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OData External Data Integration Strategies for SaaS

OData External Data Integration Strategies for SaaS

February 12, 2016 0 Comments

OData continues to grow in popularity. Get your questions about this versatile new standard answered in our Q&A below, or rewatch our webinar on the topic to learn more.

Webinar replay alert! In case you missed it, here’s your chance to listen to Roderick Peace (Director of Product Management, Oracle), Mike Pizzo (Principal Software Architect, Microsoft) and Sumit Sarkar (Chief Data Evangelist, Progress) in their webinar discussing OData external data integration strategies for SaaS.

The Rise of OData

ODataOData was introduced by Microsoft a few years ago as a scalable, open source REST interface. Its self-service integration has caused an explosion of data sources, leading SaaS vendors to adopt OData. OData is also gaining popularity in traditional data integration patterns because it enables easy, point-and-click out-of-the-box solutions.

Webinar Highlights

Webinar Title: OData External Data Integration Strategies for SaaS


  • Roderick Peace, Director Product Management, Oracle Service Cloud
  • Mike Pizzo, Principal Software Architect, Microsoft
  • Sumit Sarkar, Chief Data Evangelist, Progress DataDirect

During the webinar replay, you’ll:

  • Gain a clear understanding from Microsoft of the OData ecosystem across consumers and producers
  • Learn why the OData standard was selected as an external data integration pattern for Oracle Service Cloud
  • See firsthand how OData hybrid data connectivity enables point-and-click integration to external data of all shapes and sizes, deployed on-premise or cloud

Missed the live webinar? Don’t worry! Watch the webinar replay now.

Top Q&As Around OData 

Question: When looking at producing OData, is it recommended to support 2.0, 4.0, or both for compatibility within the ecosystem?

Answer: If you are interested in working with government data or you’re interested in working with enterprises particularly outside of the US, then OData 4.0 becomes much more interesting to you due to standardization through OASIS now coming through ISO to make it more open. Also, if you are starting a new project, trends are moving toward 4.0 so we would encourage you use 4.0. Not all industries or all your clients support 4.0 yet—Excel supports 2.0, 3.0 and 4.0 but Tableau only supports version 2. Pursue 4.0 for new projects but make sure to check with your clients and ensure they support it first!

Question: Can you only read data in Salesforce from the external data source?

Answer: In Salesforce Connect’s previous iteration (Lightning Connect), it was read only, but since then they have introduced read/write support. Oracle Service Cloud also supports read/write in their implementation. When you create native objects, you can not only read from the OData end point but you can also write back to the OData source.

Question: Can you cite any OData use cases in the mobile space—iOS, Android or other?

Answer: Office 365 is a great example of a large service which wanted to make data more universally available. They aligned with OData as a REST API and were able to reach iOS and Android. They built an iOS and Android library that makes it more accessible and encapsulates some Office-specific semantics, but they are optional to use, you can consume them directly.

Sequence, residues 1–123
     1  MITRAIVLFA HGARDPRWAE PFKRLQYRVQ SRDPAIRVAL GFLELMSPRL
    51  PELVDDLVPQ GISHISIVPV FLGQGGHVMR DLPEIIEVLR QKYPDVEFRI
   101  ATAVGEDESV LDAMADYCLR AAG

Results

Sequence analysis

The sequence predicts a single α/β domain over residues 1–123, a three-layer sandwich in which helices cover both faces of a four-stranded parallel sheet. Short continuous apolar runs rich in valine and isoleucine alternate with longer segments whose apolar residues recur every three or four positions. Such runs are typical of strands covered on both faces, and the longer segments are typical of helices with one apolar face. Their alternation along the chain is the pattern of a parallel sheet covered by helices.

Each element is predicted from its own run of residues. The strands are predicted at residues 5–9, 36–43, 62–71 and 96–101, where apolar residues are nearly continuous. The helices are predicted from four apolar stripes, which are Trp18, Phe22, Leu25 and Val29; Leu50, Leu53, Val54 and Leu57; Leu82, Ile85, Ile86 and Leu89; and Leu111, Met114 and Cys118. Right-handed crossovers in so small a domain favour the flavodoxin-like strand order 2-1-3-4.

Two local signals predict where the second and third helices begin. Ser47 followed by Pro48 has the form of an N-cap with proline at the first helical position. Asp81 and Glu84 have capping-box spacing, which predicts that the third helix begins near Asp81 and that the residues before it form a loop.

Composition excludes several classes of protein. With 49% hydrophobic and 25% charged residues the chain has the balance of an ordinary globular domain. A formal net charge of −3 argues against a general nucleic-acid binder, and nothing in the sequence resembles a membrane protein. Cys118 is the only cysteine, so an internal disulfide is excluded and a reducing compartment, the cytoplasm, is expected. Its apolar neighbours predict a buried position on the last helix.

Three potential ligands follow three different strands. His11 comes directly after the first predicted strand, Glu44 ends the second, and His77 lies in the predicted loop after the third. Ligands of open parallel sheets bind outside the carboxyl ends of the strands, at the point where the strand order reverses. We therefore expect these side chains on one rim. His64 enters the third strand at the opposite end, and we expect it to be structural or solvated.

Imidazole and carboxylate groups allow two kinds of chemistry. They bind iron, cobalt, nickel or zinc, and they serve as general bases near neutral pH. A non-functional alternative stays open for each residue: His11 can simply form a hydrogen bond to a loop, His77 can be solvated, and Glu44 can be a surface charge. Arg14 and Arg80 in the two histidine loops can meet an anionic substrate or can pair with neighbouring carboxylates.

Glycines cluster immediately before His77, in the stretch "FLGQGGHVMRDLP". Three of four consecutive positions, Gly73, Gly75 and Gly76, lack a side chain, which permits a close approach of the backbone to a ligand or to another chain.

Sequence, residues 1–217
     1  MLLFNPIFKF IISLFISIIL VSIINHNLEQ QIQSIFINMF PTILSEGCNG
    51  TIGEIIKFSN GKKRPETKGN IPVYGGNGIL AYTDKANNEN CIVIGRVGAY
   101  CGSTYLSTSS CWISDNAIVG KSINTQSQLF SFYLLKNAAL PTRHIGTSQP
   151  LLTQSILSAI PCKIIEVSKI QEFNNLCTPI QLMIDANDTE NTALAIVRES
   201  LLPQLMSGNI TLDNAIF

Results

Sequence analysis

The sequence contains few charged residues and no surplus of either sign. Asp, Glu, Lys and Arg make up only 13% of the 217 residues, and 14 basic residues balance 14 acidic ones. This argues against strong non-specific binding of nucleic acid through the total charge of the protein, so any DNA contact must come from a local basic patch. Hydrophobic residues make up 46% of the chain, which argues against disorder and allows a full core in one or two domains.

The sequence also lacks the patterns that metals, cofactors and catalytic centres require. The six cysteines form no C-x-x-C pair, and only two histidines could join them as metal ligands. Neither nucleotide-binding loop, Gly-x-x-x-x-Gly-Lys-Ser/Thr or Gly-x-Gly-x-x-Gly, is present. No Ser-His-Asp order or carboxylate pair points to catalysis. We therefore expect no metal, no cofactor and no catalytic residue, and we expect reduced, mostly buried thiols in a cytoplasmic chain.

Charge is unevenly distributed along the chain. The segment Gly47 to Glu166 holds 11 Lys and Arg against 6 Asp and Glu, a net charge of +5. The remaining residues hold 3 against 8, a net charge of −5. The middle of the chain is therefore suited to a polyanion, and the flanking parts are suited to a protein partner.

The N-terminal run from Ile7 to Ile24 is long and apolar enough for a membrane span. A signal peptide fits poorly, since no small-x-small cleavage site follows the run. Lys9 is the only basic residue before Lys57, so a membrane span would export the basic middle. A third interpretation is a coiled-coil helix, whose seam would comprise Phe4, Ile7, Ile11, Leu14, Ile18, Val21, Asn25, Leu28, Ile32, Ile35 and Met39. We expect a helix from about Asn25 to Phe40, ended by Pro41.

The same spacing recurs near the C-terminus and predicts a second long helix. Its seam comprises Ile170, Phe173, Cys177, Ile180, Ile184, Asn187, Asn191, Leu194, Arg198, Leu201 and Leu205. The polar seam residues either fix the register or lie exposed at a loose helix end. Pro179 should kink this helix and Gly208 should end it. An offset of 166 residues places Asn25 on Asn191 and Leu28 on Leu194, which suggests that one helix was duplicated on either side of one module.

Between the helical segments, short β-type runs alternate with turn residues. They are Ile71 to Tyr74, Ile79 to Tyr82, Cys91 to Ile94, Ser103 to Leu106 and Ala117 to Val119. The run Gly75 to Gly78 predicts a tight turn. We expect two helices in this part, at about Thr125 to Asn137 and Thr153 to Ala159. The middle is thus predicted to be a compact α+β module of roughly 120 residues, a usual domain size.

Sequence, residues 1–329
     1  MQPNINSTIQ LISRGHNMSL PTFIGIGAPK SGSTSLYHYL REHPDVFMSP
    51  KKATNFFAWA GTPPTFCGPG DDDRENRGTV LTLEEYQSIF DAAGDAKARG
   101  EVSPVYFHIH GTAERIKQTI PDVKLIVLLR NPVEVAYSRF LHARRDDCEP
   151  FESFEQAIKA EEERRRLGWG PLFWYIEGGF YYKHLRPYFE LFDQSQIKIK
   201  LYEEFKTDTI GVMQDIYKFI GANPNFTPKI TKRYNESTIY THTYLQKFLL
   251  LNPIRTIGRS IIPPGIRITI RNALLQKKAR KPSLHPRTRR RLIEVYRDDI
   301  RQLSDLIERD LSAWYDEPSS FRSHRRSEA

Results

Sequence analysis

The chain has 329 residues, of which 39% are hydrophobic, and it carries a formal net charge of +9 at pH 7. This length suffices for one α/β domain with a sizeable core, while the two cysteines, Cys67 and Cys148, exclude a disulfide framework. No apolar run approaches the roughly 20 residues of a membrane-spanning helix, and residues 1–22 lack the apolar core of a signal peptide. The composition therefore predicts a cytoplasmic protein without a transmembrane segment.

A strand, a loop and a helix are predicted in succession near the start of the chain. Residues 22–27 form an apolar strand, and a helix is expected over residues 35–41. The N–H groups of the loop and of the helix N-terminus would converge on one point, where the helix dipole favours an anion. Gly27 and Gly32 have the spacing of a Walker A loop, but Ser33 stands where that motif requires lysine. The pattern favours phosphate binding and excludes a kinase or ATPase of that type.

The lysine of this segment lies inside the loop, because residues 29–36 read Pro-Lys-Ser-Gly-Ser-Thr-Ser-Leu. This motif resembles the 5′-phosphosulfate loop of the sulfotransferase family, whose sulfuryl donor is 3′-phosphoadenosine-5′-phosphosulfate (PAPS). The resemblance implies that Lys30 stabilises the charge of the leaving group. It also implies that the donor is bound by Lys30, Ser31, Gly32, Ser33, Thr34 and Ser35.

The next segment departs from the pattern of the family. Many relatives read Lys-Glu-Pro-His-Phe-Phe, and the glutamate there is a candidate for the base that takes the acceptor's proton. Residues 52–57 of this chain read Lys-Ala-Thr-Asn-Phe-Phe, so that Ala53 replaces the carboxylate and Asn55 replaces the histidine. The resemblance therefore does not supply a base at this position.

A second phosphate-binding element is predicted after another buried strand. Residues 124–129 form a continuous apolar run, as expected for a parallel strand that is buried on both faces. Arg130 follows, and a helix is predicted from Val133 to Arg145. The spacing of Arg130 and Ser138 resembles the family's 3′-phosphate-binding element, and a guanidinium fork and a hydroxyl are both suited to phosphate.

The other thing that works really well for mobile is JavaScript because almost any of those different platforms support JavaScript. And as I mentioned before there is an Olingo library for JavaScript for consuming OData version 4.0 services.

Question: How does OData play into the Internet of Things?

Answer: OData is useful for services that have interesting information behind them. For instance, Redfish is a great example of a management API with lots of data behind it. The Redfish specification uses OData to describe the current state of your disk drives, chassis, and other components that make up your data system. You can also query that system and send commands like reset or format and so forth through an OData-based REST API.

At one point, the team at Microsoft had something called the Internet Information Services (IIS) that was very OData-centric. It used OData to describe devices you were talking to and sent that data to do things such as turn lights on and off. It was interesting to use OData as a control the API for those individual devices, but it became much more interesting when the data from those devices was aggregated and placed in the cloud. Take thermostats for example; this enabled you to use OData to query information such as temperature, when the heat comes on, the weather that day, your calendar, or when you are home or away.

Question: When will the OData accelerator be available for Oracle Service Cloud?

Answer: February 2016 is the current target date for the OData Accelerator but Oracle doesn’t publish firm dates prior to the official release.

Put Your Knowledge to Use

Now that you have heard from some of the biggest experts in OData, you may be ready to try it yourself! We offer a simple way to OData-enable the leading enterprise and cloud data sources, allowing them to be accessed by the OData tool or application of your choice. This allows you bi-directional data access to leverage read and write support for OData entry points for any application or data source. Try DataDirect Cloud today and start harnessing the power of OData.

Suzanne Rose

Suzanne Rose

Suzanne is passionate about promoting the Progress Data Connectivity and Integration business and corporate initiatives through social media and other marketing channels using extraordinary and compelling content and effective metrics. She is also team lead for DCI content developers, new hires and interns.

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